The First Launch is the Sweetest
I dropped into the launch for Leslie Gavel’s Dropout: One Family’s Story. It was a surprisingly warm evening for Calgary in September. The air was hazy from the smoke of not-so-distant forest fires. So the night was memorable even before I entered the doors of the Memorial Park Library. I climbed the carpeted stairs to the second floor to the auditorium that is now home to Calgary WordFest.
There was a hum as we entered the room and there was Leslie Gavel, flushed and breathless trying to greet all her guests. Between hellos, she flitted like a butterfly in her dress of flowers and tulle. All she needed was wings.
Leslie was introduced by friend and writer Samantha Warwick who guided her through a series of questions designed (Leslie later told me) to help calm her down! By the end of the Q&A, Leslie was visibly relaxed and having fun. A few questions were invited from the audience and Leslie went on to read a short section from her book. Dropout is a deeply personal story about her experience as a parent within a school system that seemed to fail her daughter from grade 7 onward. When Leslie finished, we were on our feet, applauding her memoir journey.
Leslie’s and my paths to publication were similar. Both our books took ten years to write. These were our first books but we had both written for magazines and newspapers. We stuck to our writing roads with hopeful tenacity (despite those occasional detours of doubt) and the support of family, friends, and generous writing guides. We both made the decision to publish our books independently and turned to Page Two Strategies in Vancouver.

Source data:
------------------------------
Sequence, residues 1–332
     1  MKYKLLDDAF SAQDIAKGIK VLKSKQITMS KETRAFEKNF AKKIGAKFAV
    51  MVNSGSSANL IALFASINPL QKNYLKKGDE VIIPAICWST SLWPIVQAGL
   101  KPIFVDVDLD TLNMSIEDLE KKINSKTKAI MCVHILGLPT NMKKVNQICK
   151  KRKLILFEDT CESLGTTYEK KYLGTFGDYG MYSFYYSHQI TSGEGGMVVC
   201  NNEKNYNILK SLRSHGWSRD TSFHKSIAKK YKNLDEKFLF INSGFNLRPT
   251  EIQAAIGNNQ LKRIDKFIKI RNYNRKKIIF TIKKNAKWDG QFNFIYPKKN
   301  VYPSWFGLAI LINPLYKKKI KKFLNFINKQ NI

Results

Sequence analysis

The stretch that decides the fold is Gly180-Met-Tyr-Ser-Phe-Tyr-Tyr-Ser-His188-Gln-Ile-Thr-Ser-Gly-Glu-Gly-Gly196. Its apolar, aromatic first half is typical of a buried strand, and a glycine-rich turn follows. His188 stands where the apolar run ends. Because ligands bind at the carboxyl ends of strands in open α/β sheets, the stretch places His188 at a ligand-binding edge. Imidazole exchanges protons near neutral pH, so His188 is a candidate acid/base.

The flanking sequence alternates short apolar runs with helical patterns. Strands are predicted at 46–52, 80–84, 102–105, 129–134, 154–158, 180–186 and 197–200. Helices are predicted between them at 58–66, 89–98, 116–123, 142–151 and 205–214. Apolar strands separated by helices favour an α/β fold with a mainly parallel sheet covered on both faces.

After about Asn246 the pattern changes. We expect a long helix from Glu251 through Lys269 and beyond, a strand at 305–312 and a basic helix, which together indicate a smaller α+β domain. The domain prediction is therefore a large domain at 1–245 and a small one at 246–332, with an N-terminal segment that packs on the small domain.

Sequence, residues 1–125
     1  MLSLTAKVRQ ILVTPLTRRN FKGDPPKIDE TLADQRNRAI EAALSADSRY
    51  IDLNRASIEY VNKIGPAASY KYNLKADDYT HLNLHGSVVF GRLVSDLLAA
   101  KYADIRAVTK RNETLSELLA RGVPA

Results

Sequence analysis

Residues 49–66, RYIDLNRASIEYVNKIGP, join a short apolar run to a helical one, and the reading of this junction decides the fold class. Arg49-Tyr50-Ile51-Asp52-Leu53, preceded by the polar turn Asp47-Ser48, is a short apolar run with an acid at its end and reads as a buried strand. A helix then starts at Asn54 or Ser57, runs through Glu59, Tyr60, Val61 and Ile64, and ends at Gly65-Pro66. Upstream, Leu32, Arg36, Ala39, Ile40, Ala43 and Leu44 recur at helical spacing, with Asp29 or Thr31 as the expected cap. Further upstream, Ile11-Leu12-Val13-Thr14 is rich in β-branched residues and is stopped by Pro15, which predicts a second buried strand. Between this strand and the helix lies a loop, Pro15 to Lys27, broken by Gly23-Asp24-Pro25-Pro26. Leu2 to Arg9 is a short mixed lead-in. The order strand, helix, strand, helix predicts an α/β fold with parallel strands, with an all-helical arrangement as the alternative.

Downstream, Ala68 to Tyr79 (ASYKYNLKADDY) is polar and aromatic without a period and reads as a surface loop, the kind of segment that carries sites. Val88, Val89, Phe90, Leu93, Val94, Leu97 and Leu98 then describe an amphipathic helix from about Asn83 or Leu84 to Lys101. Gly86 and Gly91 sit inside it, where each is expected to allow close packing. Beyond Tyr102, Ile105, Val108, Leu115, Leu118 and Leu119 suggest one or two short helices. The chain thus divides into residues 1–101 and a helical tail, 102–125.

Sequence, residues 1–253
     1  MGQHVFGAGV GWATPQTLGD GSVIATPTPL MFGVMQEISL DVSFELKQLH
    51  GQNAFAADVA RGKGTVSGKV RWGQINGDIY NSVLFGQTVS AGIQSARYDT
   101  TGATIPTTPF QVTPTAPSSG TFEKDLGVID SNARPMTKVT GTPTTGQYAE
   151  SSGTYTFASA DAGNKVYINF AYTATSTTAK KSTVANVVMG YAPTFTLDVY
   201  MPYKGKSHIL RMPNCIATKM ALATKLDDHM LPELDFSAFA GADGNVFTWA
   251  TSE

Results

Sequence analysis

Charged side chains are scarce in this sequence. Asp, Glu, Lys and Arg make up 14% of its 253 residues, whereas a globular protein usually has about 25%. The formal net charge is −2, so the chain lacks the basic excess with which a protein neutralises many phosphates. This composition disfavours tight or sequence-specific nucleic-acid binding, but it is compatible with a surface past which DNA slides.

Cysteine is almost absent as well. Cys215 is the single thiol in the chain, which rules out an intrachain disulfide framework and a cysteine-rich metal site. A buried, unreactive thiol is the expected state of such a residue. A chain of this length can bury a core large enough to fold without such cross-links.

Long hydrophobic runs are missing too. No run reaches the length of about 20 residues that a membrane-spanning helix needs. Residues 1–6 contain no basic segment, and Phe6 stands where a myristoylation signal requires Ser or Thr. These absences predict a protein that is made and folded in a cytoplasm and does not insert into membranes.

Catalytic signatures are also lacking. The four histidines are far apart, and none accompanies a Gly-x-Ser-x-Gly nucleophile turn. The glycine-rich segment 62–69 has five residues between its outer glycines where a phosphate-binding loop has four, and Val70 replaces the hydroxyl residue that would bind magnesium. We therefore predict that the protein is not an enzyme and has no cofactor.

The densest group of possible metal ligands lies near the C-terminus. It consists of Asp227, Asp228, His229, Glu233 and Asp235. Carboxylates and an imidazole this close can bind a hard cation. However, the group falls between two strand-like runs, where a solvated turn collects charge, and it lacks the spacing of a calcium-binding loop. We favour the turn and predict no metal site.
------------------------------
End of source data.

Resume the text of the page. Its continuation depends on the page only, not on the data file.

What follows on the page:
I know the importance of that first book launch. As I waited in line for Leslie to sign, I was remembering the launch of Separation Anxiety in Red Deer.
It was a snowy Friday evening, April 24, 2015 at Sunworks, the eclectic gift store and generous supporter of all artists in the community. In fact, I’d written most of Separation Anxiety in a tiny little office I rented above the store. The launch had been planned and promoted for weeks. I had laryngitis, an irony not lost on Sunworks owner and host Paul Harris. “This is where Miji found her voice and tonight, she seems to have lost it!” This launch was memorable for many reasons, but this was the most poignant. My mother had been admitted to hospital in Calgary earlier in the week and by that Friday morning, things were dire. My sisters insisted that Mom would want me to go ahead with the book launch. They kept a vigil by her bedside while I croaked froggily through my readings and Q&As sustained by a crowd of family and friends.
I dedicated my last reading that night to my mother. In the many book events that have followed the first launch, I’ve never managed to get through it without tears. She passed away on April 29, 2015.